One thing investors learn quickly is that good news doesn't necessarily translate into long-lasting gains for the financial markets. Despite a better-than-expected jobs report this morning that initially sent stock futures higher and led to a positive open for the stock market, the Dow Jones Industrial Average (DJINDICES:^DJI) couldn't hold its gains and was down 55 points at 10:45 a.m. EDT. With the jobs report marking the last major economic release before next week's election, investors are undoubtedly turning to the uncertainty in the presidential race and related issues like the fiscal cliff as sources of mild pessimism.
Among big movers in the Dow, Travelers (NYSE:TRV) again moved lower, falling by 2% as the company faces ever-increasing estimates of damage from Hurricane Sandy. With governors in the states most affected by the storm declaring that Sandy's winds were insufficient to qualify as a hurricane, deductibles that would have applied now won't, costing Travelers and its peers more in loss claims.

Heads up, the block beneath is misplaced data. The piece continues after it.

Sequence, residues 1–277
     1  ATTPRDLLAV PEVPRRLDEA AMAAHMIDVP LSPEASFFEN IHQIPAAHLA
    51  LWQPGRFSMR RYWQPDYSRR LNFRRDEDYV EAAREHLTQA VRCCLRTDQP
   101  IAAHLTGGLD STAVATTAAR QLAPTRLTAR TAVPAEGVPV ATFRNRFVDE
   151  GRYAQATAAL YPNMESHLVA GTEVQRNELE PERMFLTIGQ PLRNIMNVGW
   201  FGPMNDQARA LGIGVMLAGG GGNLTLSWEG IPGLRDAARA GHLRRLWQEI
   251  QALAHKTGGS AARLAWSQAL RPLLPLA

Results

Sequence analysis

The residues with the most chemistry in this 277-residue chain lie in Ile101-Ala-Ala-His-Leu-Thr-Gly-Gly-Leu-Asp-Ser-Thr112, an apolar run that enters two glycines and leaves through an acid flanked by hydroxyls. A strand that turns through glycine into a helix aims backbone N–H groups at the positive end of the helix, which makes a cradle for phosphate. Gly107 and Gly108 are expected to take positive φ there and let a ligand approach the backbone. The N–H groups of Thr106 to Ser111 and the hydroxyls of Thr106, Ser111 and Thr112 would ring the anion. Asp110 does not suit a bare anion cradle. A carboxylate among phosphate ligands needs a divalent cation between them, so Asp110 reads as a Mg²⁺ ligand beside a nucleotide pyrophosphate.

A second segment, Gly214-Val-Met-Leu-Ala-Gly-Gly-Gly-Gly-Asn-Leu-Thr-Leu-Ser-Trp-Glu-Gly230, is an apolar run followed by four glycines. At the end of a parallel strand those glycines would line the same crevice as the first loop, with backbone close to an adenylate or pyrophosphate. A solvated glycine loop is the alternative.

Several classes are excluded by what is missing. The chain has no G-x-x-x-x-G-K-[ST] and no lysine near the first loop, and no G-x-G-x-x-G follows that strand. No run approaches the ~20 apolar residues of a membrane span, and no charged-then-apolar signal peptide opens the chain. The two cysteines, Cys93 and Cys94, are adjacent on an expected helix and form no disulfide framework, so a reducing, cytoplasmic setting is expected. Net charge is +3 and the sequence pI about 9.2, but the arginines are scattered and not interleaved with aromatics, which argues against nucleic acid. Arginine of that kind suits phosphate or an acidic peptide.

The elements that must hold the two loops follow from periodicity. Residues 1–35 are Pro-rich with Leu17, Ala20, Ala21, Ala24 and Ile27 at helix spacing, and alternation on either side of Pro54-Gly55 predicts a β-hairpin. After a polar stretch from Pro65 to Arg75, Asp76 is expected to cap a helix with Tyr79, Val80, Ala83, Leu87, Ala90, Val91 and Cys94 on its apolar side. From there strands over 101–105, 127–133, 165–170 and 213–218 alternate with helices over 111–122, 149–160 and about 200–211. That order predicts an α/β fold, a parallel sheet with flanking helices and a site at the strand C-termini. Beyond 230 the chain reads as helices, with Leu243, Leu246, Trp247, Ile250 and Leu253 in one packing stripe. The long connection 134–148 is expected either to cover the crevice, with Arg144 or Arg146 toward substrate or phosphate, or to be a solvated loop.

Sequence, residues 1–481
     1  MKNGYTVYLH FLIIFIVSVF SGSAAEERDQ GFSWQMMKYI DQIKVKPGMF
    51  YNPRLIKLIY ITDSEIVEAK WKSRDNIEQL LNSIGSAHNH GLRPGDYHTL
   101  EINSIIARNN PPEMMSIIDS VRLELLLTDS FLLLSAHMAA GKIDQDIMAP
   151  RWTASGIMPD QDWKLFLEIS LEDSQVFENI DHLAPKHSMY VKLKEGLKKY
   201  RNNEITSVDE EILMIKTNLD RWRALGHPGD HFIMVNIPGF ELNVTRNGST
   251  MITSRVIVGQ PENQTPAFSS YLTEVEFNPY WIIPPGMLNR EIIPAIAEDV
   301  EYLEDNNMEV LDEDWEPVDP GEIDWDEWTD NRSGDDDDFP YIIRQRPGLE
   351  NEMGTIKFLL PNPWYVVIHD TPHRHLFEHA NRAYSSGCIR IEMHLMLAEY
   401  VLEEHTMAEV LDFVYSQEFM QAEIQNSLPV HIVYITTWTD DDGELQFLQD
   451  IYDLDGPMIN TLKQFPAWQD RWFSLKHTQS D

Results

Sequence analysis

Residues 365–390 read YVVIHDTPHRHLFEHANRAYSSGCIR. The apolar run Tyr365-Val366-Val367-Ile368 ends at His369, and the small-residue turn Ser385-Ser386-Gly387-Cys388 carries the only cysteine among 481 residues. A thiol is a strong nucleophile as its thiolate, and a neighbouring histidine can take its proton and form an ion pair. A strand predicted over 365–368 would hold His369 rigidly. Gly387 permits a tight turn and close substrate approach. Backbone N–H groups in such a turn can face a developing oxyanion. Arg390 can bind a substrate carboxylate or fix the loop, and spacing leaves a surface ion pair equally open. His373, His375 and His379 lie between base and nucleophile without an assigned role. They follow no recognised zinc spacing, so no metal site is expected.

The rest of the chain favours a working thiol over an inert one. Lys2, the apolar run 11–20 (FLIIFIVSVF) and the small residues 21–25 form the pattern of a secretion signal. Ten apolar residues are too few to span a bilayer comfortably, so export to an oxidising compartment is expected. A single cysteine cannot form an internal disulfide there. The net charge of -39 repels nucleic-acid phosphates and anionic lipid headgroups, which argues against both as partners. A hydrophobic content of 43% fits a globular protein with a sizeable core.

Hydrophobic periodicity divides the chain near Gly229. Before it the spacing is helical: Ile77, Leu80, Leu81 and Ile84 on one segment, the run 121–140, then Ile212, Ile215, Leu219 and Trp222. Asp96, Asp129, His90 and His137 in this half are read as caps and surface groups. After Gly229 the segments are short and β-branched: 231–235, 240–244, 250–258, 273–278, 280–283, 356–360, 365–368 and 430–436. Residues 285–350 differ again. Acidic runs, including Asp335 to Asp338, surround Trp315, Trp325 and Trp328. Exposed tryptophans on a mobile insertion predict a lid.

On the earnings front, Chevron (NYSE:CVX) lost more than 2% on a 33% drop in net income during the third quarter. With lower oil and gas prices and falling production contributing to a $5.6 billion drop in quarterly revenue from the year-ago period, Chevron faces the continuing threat of idled production off the coast of Brazil, where oil spills have prompted government investigations. The news follows ExxonMobil's (NYSE:XOM) own lackluster earnings report, which raised similar concerns.
Outside the Dow, priceline.com (NASDAQ:PCLN) saw its stock price climb more than $60 per share due to a strong earnings report. A 27% rise in net income was positive, but even more encouraging were signs that Europe's economy may finally be stabilizing. That would bode well not just for the online travel portal, but for businesses generally.
Fool contributor Dan Caplinger has no positions in the stocks mentioned above. The Motley Fool owns shares of Priceline.com and ExxonMobil. Motley Fool newsletter services recommend Chevron and Priceline.com. Try any of our Foolish newsletter services free for 30 days. We Fools may not all hold the same opinions, but we all believe that considering a diverse range of insights makes us better investors. The Motley Fool has a disclosure policy.